Johnny reads three articles, but on his fourth article, the news website explains to ol’ Johnny that this content does not write itself. It takes time and effort from expert journalists to craft the stories Johnny enjoys.
The website explains that if Johnny registers using his email address, advertisers can deliver more relevant advertising and generate revenue for the website. The website can use this revenue to create more of the content Johnny loves.
“I love this website, and I sure am tired of seeing ads for weight loss pills,” Johnny thinks to himself as he admires his svelte athletic physique in the mirror. Johnny registers for the website and provides his email address.
3. The news website then sends Johnny’s email to a UID2 Operator.
4. UID2 Operator returns the news website a UID2 token
5. The news website passes the UID2 token to the client-side SDK
Now the news website can call the SDK while Johnny is logged in. Johnny is logged in and continues to use the website.
6. Johnny loads the fourth article that contains ad slots
7. News website calls the client-side SDK for the UID2 token
8. Client-side SDK returns UID2 token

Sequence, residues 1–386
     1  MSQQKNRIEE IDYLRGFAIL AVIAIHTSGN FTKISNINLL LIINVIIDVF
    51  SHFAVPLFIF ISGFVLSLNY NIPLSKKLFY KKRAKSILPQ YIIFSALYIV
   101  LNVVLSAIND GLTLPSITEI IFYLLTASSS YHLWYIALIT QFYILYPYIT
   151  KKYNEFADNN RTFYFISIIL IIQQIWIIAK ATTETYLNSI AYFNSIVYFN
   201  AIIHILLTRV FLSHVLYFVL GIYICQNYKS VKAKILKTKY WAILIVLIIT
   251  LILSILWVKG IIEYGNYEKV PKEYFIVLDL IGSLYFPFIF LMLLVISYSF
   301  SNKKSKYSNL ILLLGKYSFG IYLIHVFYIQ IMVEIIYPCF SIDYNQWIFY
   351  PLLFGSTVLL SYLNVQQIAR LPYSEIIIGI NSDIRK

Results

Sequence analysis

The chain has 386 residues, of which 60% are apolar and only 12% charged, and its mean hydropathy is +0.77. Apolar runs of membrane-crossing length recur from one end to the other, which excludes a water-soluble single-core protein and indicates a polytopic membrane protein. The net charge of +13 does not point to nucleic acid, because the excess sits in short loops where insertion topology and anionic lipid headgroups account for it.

9. News Website calls their SSP for an ad and includes the UID2 token in the ad request
10. SSP initiates a bid request to the DSP that contains the UID2 token
Now the DSP will decrypt the UID2 token into a UID2 to match the identifier to audience data stored in the DSP.
11. DSP passes UID2 token to the RTB SDK
12. RTB SDK returns a decrypted UID2
13. DSP finds that Johnny’s UID2 is in a targeted “Ultra Athletic Males” audience segment
14a. DSP returns a bid response containing an ad for home gym equipment
14b. SSP returns a bid response containing the ad for home gym equipment
15. News website displays an ad for home gym equipment alongside Johnny’s fourth article.
Will users log in?
Users have enjoyed a mostly open and frictionless content browsing experience since the dawn of the Internet. Websites have made content freely available to all users, and even if those websites inundated users with ads, users mostly understood the tradeoff.